The United Arab Emirates did not qualify for the Qatar World Cup but it will be a winner anyway if an overspill of fans floods its hotels, restaurants and planes.
With little investment the UAE, and in particular Dubai, stands to gain if, as expected, supporters opt to stay in the tourism hotspot instead of tiny Gulf neighbour Qatar during the November-December tournament.
High accommodation prices in the Qatari capital Doha and Dubai's more permissive environment – including a wider availability of alcohol – could entice fans, experts say.
Budget airline flydubai will run at least 30 return flights a day to Doha, just an hour away, part of a daily airlift of 160 shuttle services from cities in the resource-rich Gulf.
Dubai "has relatively relaxed social standards with respect to certain aspects of culture, such as alcohol consumption and clothing codes", said James Swanston, a Middle East and North Africa economist at Capital Economics.
Any economic windfall, and reflected glory from the first World Cup on Arab soil, will come less than two years after Doha and the UAE were daggers-drawn over a regional blockade that isolated Qatar from its neighbours.
Dubai Sports Council has estimated about a million World Cup fans could arrive in the city. Given that Qatar is expecting a similar number, the prediction may be ambitious.
Nonetheless, Dubai is gearing up with fan zones announced at parks, beaches and in the financial centre, while hotels are offering special packages.
Such deals include shuttle flights and transport to the airport and fan zones.
The UAE is also offering multiple-entry visas at the nominal fee of 100 dirhams ($27) to people with tickets for World Cup matches.
Visiting fans won't be Dubai's only World Cup commuters. Firas Yassin, a French-Lebanese Dubai resident, booked a day-trip to see France's opening game after being "shocked" by the price of Doha hotel rooms.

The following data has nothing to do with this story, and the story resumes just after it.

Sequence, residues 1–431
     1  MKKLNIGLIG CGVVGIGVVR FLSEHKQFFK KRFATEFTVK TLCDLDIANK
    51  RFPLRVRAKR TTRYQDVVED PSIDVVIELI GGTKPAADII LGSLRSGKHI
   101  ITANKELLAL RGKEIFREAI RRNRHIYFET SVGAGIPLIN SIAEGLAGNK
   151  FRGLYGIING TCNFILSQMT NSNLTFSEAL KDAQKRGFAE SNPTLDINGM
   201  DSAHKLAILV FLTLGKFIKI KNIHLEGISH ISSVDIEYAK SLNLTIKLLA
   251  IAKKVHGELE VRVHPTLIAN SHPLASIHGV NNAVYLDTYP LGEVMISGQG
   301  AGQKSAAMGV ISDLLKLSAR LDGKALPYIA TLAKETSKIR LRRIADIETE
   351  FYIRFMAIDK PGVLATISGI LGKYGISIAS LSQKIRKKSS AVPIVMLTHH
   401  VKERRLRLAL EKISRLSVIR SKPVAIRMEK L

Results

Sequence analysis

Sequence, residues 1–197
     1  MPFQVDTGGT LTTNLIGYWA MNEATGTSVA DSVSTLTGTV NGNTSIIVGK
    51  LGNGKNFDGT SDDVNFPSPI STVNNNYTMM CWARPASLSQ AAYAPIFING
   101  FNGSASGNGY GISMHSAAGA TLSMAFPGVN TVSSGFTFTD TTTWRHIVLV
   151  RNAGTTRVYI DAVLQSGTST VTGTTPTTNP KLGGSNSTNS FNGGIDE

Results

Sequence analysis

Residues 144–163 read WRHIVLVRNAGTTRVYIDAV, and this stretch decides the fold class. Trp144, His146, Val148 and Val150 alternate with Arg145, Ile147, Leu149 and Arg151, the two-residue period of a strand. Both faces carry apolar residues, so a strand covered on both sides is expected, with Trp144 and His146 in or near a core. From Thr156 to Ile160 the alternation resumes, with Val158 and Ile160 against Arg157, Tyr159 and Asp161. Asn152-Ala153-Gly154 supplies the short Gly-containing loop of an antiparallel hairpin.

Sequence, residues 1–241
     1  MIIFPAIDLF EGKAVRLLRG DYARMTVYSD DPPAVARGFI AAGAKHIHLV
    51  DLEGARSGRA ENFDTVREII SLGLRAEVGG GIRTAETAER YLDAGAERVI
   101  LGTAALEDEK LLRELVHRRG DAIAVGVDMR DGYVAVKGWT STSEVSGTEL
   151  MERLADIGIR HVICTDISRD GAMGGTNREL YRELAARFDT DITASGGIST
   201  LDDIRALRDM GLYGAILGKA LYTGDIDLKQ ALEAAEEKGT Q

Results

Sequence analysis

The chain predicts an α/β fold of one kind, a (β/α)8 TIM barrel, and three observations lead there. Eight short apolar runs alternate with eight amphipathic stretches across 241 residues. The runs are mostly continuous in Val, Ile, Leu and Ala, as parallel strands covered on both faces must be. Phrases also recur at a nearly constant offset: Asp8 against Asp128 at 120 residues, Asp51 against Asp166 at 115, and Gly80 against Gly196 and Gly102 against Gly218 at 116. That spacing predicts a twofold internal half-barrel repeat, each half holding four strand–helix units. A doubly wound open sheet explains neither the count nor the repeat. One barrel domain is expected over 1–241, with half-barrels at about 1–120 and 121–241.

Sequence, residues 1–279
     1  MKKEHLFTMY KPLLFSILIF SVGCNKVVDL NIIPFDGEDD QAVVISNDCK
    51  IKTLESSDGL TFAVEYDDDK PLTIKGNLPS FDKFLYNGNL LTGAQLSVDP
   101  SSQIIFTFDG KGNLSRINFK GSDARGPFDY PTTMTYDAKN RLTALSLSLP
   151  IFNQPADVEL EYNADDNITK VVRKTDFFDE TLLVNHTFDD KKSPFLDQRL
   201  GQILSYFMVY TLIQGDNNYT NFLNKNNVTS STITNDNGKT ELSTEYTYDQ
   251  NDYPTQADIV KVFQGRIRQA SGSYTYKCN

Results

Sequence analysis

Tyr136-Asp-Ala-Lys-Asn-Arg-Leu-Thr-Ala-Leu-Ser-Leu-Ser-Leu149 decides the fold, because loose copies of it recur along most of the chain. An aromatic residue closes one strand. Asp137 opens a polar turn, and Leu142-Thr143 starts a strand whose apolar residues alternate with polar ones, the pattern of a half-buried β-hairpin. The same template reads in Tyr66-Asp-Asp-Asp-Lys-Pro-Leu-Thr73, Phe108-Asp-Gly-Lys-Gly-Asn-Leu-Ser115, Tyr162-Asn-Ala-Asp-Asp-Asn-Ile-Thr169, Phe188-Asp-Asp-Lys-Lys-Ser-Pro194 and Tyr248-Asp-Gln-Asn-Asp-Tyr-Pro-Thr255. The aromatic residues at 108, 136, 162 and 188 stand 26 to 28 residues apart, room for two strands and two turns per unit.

Yassin will fly in with his wife five hours before the clash with Denmark on November 26, and leave a few hours after the final whistle having realised a life-long dream to see "Les Bleus" play live.
"I'm going to visit the city, watch the match and then go back to my place in Dubai," the 34-year-old told AFP.
Expat Sport, which is licensed by FIFA to sell match hospitality packages for the games in Doha, noted that "convenience" was a key factor in people choosing to stay in Dubai.
It cited "the regular shuttle flights operating between the two cities and it only being an hour flight".
One Dubai hotel, on the man-made, frond-shaped Palm island, will be given over entirely to football fans.
"We have had a surge of bookings from Mexico, UK, Europe and India," Expat Sport said. "Room nights are going fast and we expect to be fully booked at this rate."
The UAE's hotel occupancy this year is already more than 40 percent higher than Covid-hit 2019, with a "strong tourism performance" expected this winter, Dubai emir and UAE Vice President Sheikh Mohammed bin Rashid Al Maktoum said on Sunday.
As of May, Dubai had 769 hotels with more than 140,000 rooms, a significant rise from early 2019, according to official figures.
Shuttle flights will also run from Saudi Arabia, Kuwait and Oman to relieve pressure on accommodation in Doha, a city of 2.4 million.
But "relative to other Gulf states, Dubai does hold an advantage with its standing as a major tourist destination already", Swanston said.